London: The UK High Court on Thursday began hearing an application for permission to appeal filed by alleged bookie Sanjeev Chawla against his extradition to India to face charges of match fixing.
Chawla is wanted in India to face charges of cricket match-fixing dating back to 2000 and has been fighting against his extradition on human rights grounds.
Former UK Home Secretary Sajid Javid had signed off on a District Judge’s order in favour of extradition in February last year, giving the 50-year-old time to seek an appeal against the decision.
Chawla, a key accused in the cricket match-fixing scandal involving former South African captain Hansie Cronje in 2000, was present at the Royal Courts of Justice in London as Lord Justice David Bean and Justice Clive Lewis heard the application.
Chawla’s lawyers want to establish that their client has a statutory right to appeal against the District Judge’s order sent to the Home Secretary for a sign off.
That submission has been challenged by the UK’s Crown Prosecution Service (CPS), arguing on behalf of the Indian government, on the grounds that it is a disguised attempt at reopening the entire case.
“Nobody wants this case to go off to another day after all the delay,” said Lord Justice Bean, indicating that the court is likely to hand down its decision on permission to appeal speedily.
Following an initial trial, Westminster Magistrates’ Court in London had concluded in October 2017 that while Chawla had a prima facie case to answer, his human rights could not be guaranteed in Delhi’s Tihar Jail, where he was to be held.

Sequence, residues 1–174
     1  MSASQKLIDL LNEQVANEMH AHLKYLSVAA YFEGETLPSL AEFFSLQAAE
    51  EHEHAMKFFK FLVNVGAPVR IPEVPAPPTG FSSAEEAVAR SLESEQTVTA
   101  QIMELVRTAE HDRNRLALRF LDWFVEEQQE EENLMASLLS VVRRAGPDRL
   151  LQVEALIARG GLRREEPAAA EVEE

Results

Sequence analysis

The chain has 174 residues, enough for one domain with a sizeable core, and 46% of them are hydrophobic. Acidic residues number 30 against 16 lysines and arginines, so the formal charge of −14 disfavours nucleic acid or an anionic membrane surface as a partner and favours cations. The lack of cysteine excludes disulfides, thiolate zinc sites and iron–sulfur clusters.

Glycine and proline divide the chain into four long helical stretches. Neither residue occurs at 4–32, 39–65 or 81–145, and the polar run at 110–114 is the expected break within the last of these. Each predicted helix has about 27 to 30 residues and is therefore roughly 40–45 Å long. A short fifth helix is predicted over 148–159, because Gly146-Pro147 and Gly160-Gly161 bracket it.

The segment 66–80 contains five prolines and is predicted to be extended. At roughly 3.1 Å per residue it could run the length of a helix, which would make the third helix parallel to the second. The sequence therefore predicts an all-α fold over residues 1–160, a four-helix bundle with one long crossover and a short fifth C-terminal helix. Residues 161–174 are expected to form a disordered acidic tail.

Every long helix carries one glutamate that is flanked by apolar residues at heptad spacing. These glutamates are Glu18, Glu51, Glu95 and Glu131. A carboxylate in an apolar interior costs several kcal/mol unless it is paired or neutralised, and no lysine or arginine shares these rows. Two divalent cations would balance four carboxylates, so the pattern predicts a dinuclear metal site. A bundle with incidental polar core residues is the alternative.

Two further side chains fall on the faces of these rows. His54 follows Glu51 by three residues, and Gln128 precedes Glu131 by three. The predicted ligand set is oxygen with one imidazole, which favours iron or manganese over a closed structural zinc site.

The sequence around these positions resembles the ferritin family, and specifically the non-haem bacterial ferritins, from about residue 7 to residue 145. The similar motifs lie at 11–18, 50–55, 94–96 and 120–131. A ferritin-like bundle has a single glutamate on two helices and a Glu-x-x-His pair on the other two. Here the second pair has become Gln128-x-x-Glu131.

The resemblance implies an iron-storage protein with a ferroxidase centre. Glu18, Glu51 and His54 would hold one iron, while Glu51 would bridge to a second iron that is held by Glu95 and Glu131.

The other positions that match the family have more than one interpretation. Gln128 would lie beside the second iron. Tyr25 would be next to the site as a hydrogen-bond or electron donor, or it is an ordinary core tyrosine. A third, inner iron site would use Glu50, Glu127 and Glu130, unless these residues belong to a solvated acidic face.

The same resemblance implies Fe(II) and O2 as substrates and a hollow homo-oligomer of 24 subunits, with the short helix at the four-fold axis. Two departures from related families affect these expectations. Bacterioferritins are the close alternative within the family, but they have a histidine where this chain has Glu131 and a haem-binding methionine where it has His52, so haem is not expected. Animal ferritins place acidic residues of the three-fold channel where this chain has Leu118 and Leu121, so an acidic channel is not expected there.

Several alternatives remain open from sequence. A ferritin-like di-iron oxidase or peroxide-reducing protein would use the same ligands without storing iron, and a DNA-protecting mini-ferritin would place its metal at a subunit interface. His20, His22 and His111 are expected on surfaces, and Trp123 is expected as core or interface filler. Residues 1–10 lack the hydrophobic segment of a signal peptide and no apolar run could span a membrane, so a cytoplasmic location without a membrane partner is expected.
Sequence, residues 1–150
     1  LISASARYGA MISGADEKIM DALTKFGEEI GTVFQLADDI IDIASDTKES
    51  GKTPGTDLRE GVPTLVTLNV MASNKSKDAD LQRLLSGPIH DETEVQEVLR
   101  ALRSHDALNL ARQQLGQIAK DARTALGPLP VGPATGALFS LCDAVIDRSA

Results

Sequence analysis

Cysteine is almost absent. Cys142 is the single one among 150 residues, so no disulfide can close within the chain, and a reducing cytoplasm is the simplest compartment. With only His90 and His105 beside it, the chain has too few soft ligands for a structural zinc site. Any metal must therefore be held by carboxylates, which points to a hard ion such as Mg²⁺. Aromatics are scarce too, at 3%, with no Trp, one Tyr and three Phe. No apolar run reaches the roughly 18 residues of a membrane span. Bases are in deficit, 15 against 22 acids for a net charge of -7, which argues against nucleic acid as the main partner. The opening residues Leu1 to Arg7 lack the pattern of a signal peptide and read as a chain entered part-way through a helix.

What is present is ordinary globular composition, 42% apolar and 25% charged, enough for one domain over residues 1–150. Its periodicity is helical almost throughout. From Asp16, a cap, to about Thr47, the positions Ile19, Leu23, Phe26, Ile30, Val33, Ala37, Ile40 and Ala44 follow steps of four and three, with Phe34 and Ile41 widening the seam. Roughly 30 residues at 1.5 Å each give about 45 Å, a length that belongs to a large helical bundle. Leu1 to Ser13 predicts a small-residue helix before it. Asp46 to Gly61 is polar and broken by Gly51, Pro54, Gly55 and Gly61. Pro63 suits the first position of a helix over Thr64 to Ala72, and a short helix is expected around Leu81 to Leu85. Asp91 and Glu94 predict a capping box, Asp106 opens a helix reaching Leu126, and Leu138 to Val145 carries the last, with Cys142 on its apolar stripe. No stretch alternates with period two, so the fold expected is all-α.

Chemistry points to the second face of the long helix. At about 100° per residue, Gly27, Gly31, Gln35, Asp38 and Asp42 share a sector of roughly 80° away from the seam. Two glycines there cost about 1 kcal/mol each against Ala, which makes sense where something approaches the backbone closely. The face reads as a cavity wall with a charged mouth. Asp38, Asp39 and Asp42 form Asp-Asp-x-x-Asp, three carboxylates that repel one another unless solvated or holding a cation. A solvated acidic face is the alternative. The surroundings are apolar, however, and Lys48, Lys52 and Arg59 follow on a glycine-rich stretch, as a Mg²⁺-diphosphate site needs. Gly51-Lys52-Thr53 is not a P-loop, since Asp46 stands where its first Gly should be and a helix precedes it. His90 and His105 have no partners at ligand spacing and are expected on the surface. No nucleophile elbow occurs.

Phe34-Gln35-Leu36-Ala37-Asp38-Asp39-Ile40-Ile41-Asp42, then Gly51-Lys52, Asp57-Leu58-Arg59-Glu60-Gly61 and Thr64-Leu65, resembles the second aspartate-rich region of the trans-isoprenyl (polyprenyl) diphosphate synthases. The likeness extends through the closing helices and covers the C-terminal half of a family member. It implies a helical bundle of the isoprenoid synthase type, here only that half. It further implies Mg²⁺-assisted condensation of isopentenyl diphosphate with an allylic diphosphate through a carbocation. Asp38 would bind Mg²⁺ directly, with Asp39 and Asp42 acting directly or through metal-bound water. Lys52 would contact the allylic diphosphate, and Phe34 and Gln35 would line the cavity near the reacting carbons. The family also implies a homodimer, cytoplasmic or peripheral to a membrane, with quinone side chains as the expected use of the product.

This ruling was challenged in the UK High Court by the CPS, on behalf of the Indian authorities.
In a judgment handed down in the Royal Courts of Justice in London in November 2018, Lord Justice Leggatt and Justice Dingemans upheld the Indian government’s appeal and directed the District Judge at Westminster Magistrates’ Court to review the order against Chawla and proceed with an extradition order.
The High Court judges accepted the assurances provided by the Indian government that the accused will be accommodated in a cell to be occupied exclusively by him, with proper safety and security and complying with the personal space and hygiene requirements the court expects.
India had also made further guarantees on medical facilities and protection from intra-prisoner violence in the jail.
In January last year, the magistrates’ court issued a fresh order in favour of Chawla’s extradition, which was sent to the UK home secretary, who must formally sign off on the order under the India-UK Extradition Treaty.
According to court documents in the case, Chawla is described as a Delhi-born businessman who moved to the UK on a business visa in 1996, where he has been based while making trips back and forth to India.
After his Indian passport was revoked in 2000, he obtained a UK passport in 2005 and is now a British citizen.
In details of the case that emerged in court, Chawla was introduced to Hansie Cronje, the late South African cricket team captain, in January-February 2000.
It was suggested to Cronje, by Chawla and another person, that he could make significant amounts of money if he agreed to lose cricket matches.
Money was paid to Cronje at the time of the pending South African tour to India.
The tour took place in February-March 2000, with Chawla, Cronje and others conspiring to fix cricket matches in exchange for payment, with Chawla reportedly playing a central role, including direct contact with Cronje.